California-based journalist, editor and World War II vet Martin Litton first ran the Grand Canyon of the Colorado River in 1955. As a trivial claim to fame, he was the 185th person to descend the Grand since John Wesley Powell first did it in 1869; Litton’s distinction was rendered more anticlimactic by the fact that he was unable to paddle because of a shoulder injury. Yet the journey marked the beginning for a man whose legacy is as monumental as the canyon itself.
At the time, Litton was battling two proposed dams on the Green River that would flood the spectacular rock canyons of Dinosaur National Monument. Just as congress denied the dams on the Green—one of the first environmental victories in the United States—they approved the Glen Canyon dam on the Colorado River in 1956.
Meanwhile, the Bureau of Reclamation planned two more dams for the Grand Canyon itself. In 1963, directors of the San Francisco-based Sierra Club were prepared to capitulate when Litton addressed the board. Producing hand-drawn diagrams and quoting Theodore Roosevelt, Litton laid the Sierra Club’s intentions to waste. He argued that a dam would suppress the beating heart of the Grand Canyon—the free-flowing Colorado River.
“Martin doesn’t have to prime for a speech,” said David Brower, who sat on the Sierra Club board. “Martin poured it on…and we voted ‘no.’” After a campaign that galvanized the environmental movement, President Lyndon Johnson rejected the dams in 1969.
Litton championed the intangible values of wilderness—its sublime beauty and spiritual power. He loved introducing Americans to the wild Grand Canyon, and launched an outfitting business in 1972. He was the only commercial outfitter to guide on the Colorado River exclusively in wooden dories—graceful, oar-powered boats as fragile in class V rapids as wilderness in the face of human onslaught.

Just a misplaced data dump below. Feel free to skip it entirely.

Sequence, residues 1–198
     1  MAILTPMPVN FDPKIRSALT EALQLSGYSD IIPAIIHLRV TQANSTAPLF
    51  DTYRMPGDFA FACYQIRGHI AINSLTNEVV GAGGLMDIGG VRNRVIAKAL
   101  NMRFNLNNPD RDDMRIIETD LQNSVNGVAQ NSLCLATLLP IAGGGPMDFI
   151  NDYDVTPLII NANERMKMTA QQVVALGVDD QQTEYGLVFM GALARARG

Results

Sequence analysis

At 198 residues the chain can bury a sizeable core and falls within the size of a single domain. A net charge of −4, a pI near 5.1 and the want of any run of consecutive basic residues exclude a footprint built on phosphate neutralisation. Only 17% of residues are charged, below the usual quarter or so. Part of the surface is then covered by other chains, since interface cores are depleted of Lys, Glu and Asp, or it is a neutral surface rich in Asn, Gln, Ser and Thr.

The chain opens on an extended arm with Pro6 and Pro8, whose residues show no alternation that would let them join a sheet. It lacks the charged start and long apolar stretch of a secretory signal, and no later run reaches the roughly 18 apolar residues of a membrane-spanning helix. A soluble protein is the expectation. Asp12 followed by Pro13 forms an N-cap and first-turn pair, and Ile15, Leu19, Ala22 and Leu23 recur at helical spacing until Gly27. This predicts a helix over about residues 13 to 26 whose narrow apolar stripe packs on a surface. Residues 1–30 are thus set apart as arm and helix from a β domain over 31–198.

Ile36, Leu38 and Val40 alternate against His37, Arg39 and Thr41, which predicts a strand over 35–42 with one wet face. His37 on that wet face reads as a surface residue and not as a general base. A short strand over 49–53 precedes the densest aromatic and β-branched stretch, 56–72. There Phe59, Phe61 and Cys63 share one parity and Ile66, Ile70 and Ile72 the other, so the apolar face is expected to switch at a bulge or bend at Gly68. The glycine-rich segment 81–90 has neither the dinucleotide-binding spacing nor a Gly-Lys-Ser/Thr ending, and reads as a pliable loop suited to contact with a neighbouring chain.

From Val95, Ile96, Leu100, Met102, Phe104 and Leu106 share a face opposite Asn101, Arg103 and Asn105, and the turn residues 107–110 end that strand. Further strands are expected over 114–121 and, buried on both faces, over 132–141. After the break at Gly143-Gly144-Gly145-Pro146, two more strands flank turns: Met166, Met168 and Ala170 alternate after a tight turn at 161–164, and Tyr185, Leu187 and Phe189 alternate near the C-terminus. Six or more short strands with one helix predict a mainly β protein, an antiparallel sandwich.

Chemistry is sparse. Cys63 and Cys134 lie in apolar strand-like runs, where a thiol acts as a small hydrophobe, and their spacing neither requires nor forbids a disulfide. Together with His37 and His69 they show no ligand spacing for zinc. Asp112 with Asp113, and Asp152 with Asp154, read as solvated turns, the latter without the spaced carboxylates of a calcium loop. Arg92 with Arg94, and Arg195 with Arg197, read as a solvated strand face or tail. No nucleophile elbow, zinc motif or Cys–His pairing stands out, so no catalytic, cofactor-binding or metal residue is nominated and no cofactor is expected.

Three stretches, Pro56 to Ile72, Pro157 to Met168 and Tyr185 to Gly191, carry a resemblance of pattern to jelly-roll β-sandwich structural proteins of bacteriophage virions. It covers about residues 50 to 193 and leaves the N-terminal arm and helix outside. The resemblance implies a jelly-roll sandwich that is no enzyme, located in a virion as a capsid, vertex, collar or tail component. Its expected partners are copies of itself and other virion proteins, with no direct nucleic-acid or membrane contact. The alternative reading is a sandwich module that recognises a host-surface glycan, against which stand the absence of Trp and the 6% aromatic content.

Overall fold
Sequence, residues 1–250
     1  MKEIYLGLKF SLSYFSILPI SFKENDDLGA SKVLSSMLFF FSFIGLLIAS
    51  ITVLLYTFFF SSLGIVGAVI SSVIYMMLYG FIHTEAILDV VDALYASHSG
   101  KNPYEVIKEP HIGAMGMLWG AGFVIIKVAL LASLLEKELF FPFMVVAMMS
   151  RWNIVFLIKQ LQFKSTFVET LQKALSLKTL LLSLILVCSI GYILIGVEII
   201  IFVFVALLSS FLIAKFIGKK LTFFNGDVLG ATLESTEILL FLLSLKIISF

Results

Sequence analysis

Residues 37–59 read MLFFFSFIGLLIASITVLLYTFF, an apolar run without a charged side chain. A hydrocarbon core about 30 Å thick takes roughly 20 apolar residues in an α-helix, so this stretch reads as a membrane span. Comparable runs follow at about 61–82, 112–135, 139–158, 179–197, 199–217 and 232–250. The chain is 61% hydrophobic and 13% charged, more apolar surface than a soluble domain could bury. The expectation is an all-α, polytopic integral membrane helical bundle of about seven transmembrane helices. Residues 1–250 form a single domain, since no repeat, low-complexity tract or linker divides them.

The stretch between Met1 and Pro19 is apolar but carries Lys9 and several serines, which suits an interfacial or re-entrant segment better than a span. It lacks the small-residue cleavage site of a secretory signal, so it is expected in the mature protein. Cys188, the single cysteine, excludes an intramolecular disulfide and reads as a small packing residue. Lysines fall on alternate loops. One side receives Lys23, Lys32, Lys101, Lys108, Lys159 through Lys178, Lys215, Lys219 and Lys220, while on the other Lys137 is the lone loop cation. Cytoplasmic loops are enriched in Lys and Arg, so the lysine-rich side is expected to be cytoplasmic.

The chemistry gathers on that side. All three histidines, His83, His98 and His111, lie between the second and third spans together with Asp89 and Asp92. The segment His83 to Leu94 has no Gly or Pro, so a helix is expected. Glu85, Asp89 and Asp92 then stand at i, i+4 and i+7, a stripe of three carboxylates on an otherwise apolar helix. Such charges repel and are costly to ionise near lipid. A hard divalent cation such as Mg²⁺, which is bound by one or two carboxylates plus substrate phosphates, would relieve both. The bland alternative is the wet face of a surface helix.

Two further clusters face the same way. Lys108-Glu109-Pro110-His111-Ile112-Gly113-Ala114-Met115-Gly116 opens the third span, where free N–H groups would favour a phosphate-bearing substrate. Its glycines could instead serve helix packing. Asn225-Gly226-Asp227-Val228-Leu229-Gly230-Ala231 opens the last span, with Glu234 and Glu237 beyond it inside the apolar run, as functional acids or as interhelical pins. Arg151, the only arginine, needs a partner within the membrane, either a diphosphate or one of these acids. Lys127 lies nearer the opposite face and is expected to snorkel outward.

But his greatest attribute was his pig-headedness. Brower, widely revered as the greatest conservationist of all-time, called Litton his conscience. “When I would waver in various conservation battles, he would put a little starch in my backbone by reminding me that we should not be trying to dicker and maneuver,” said Brower. “I guess I got some of my extremism from Martin Litton, and I’m grateful for it.”
Litton ran the Grand Canyon for the last time at age 90. He died on November 30, 2014, at his home in Palo Alto, Calif. He was 97 years old. “The American West has lost one of its great champions,” says Sierra Club director Michael Brune. “His tenacious inability to surrender was an inspiration to the generations of environmental activists who followed in his wake.”
This article first appeared in the Spring 2015 issue of Rapid magazine. For more great whitewater content, subscribe to Rapid’s print editions and digital editions, download issues on your device or view the Spring 2015 issue for free on your desktop.